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A new leg kick has made Eric Sogard a new hitter for the Milwaukee Brewers

The former down-and-out utilityman has a new approach at the plate.

Jake Roth-USA TODAY Sports

When Eric Sogard came to the Brewers on a minor-league deal prior to the 2017 season, he represented the type of player many teams like to give a chance to at the AAA level. Our friends over at Athletics Nation announced the Brewers' signing by remembering Sogard as a "beloved presence" for A's fans, as well as a player who brought "hustle" and a "great attitude." Throw in his infield utility and it made a ton of sense for the Brewers to bring him in.

Many things made Sogard a fan favorite in Oakland, including #NerdPower and that "scrappy" label that undersized infielders are invariably given. First appearing with the Athletics in 2010, Sogard was also one of the few players to stick around on a team that turns over talent as much as anyone in the league.

From 2013 through 2015, Sogard appeared in 367 games with the Athletics, slashing .247/.305/.315 for a 76 wRC+ and more triples (six) than home runs (four). Even those numbers are inflated by a decent 2013, as Sogard posted just a .584 OPS from 2014-15.

Sogard's time with the Athletics ended unceremoniously after he required knee surgery in April 2016, which resulted in the utilityman missing all of the A's season and appearing in just two High-A games all year. He elected for free agency at season's end.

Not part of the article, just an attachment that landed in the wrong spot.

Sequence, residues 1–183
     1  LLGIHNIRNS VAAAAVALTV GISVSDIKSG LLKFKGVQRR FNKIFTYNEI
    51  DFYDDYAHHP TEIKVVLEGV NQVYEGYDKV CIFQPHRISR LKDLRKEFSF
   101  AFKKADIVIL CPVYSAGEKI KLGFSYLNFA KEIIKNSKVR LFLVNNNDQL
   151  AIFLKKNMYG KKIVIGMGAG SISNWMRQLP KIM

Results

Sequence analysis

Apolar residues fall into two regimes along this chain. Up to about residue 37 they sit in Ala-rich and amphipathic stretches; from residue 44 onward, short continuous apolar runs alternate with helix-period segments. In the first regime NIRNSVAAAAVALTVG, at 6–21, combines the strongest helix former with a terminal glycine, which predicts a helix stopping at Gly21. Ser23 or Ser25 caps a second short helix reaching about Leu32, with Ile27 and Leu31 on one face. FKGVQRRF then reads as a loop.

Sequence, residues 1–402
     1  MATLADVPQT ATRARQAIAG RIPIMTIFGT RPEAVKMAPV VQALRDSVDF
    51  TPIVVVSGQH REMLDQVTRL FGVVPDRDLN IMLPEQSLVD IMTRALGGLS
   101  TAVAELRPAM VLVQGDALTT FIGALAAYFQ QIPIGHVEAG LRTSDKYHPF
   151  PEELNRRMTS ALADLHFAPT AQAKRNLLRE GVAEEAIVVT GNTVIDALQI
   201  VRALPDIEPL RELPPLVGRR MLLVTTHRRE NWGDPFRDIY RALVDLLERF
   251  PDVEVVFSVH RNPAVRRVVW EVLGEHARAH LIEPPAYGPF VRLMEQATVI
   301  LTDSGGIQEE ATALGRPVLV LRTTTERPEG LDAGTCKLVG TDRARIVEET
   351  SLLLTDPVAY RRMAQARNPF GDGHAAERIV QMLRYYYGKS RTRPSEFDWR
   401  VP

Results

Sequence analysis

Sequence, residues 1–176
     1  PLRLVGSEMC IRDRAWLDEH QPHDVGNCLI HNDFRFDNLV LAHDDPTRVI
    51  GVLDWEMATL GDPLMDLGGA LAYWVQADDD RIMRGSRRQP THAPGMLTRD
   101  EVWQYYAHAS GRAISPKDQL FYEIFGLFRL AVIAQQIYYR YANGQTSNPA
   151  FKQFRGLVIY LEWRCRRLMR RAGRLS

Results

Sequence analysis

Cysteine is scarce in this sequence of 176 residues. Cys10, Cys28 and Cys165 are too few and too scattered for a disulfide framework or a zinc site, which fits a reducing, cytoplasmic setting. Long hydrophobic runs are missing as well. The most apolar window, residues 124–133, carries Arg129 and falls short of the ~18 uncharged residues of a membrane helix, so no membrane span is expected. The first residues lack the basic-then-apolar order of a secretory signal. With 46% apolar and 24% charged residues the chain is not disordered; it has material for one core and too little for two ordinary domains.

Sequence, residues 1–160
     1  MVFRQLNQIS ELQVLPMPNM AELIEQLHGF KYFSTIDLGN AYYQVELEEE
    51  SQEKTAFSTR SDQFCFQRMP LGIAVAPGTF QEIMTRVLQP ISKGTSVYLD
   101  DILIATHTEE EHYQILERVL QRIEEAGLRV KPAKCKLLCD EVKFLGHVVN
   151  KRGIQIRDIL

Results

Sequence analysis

Sogard began 2017 with the AAA Sky Sox, slashing .330/.421/.516 with 15 walks and twelve strikeouts before his May 12 call-up. In just 74 PA since joining the Major League club, Sogard owns a wRC+ of 218 and a batting average north of of .400 with three home runs, the most he's ever knocked in a single season. He also owns a 20.3% walk rate and just a 8.1% strikeout rate.

Of course, those numbers are preposterous and bound to change significantly, but Sogard's approach at the plate really has evolved, and could lead to a poor lifetime hitter becoming a league-average hitter, a welcome complement to his above-average defensive chops. So let's get into it:

Here's Sogard's leg kick from a May 12, 2015 game against the Red Sox. This play resulted in a double off of Justin Masterson.

First impressions? That's a pretty late leg kick. While the perspective makes it difficult to tell definitively, the ball is a little less than a quarter of the way to home plate, while Sogard's foot is still at its highest point off of the ground. Having a late leg kick fits with Sogard's profile from 2013-15. During that time, he hit batted balls up the middle more often than nearly 85 percent of hitters (min. 1000 PA). In that same time, Sogard pulled batted balls less often than 81 percent of hitters.